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RealTime IT News

European Commission Blocks WorldCom, Sprint Merger

[London, ENGLAND] The European Commission (EC) formally blocked on Wednesday the $146 billion merger between MCI WorldCom and Sprint, saying the companies' plan to divest Sprint's Internet business was insufficient to resolve its concerns about competition.

European Competition Commissioner Mario Monti said it was vital for the Commission that the divested business become a strong, viable competitor to prevent the merged WorldCom/Sprint from dominating the Internet backbone.

"The companies' offer failed to guarantee this because Sprint's Internet business is completely intertwined with its traditional telecoms activities," said Mario Monti.

The EC's move comes after Tuesday's pronouncement by the U.S. Department of Justice that the link-up between the second and third largest long-distance telephone companies would effectively stifle competition in both the long-distance and Internet markets.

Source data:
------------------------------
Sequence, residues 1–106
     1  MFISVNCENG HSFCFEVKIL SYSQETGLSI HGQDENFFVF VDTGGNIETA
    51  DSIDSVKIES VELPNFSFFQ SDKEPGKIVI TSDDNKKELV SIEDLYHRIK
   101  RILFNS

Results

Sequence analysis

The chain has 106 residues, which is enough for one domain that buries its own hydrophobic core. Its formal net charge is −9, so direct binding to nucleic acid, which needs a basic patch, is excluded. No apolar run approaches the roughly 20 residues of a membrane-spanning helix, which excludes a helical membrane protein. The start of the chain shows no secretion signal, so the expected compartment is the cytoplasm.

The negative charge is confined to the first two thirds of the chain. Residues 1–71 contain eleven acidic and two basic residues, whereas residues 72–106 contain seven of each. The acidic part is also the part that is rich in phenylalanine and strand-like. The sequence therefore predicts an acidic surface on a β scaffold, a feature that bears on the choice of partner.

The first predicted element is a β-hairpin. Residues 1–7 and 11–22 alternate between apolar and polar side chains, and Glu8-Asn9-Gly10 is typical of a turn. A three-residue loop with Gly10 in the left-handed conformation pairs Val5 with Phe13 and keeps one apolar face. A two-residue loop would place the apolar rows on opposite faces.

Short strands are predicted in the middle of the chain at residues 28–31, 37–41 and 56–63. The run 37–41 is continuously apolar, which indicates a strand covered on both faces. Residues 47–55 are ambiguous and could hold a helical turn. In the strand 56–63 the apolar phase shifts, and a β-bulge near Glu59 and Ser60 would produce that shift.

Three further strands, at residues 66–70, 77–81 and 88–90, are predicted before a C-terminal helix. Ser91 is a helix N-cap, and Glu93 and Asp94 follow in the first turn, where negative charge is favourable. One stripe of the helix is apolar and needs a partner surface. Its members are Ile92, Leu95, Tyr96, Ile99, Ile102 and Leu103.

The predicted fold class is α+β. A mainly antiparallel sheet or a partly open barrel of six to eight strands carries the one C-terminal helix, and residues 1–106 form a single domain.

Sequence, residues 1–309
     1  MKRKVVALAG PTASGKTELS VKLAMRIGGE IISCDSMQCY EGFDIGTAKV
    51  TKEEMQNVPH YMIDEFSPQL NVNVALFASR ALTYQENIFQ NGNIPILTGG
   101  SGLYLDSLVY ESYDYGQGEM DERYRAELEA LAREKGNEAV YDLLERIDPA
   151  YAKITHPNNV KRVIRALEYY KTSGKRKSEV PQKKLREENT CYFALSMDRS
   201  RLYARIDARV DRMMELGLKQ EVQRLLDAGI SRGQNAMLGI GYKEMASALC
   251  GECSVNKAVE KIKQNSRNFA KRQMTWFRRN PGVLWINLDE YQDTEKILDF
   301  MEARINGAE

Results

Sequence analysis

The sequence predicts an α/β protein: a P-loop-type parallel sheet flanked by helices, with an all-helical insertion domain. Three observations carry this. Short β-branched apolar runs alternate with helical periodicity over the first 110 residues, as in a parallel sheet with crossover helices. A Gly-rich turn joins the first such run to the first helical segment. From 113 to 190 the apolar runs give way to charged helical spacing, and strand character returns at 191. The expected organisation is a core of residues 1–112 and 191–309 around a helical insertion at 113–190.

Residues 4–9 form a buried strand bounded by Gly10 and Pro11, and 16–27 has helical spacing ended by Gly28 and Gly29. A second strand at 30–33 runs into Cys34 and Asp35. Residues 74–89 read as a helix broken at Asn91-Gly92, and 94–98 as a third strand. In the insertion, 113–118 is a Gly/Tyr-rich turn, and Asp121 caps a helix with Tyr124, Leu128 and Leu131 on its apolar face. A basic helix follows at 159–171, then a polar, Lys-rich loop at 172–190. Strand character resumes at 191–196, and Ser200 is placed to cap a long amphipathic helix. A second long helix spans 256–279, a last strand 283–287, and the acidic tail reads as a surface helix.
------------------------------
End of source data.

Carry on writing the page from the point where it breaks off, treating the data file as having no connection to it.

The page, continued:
Attorney General Janet Reno said the merger threatened to undermine the competitive gains achieved since the Justice Department challenged AT&T's monopoly of the telecommunications industry 25 years ago.

On Tuesday, MCI WorldCom and Sprint said they would withdraw their notification of the deal. However, the Commission said it felt compelled to take a formal decision because it could only accept a withdrawal if the deal were no longer legally binding -- which was not the case. The two companies may have withdrawn notification to the EC but they had not formally canceled their merger agreement.

During its review of the proposed merger, the EC listened to critical comments from U.S. and European based operators. In the opinion of the Commissioners it was thought that the merged company would be able to behave independently of both its competitors and customers, thus dictating conditions and prices in the market on both sides of the Atlantic.

The Commission has now blocked 13 mergers since 1990. It reviews all mergers that involve companies with combined global sales of over five billion euros. In this instance it examined the merger in parallel with the U.S. Department of Justice -- and said the cooperation would continue in the future whenever there were common concerns about competition in the marketplace.